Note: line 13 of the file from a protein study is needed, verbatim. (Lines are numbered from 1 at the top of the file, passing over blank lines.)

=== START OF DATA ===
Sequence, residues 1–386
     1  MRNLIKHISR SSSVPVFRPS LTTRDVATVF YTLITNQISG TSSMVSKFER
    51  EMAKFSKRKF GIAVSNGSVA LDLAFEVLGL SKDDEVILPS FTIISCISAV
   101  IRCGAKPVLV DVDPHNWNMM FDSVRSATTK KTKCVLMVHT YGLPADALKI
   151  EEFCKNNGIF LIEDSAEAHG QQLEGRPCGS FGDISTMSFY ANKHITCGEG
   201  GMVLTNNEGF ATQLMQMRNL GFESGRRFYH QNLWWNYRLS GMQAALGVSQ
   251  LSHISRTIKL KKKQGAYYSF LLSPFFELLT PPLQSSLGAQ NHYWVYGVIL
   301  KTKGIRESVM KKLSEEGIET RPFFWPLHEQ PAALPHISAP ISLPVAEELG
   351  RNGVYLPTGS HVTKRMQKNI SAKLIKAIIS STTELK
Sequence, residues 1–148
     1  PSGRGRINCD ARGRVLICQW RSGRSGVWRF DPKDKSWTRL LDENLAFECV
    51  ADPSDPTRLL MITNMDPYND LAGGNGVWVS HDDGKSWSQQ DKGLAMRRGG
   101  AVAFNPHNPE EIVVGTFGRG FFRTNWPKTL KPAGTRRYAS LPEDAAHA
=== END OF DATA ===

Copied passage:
   101  AVAFNPHNPE EIVVGTFGRG FFRTNWPKTL KPAGTRRYAS LPEDAAHA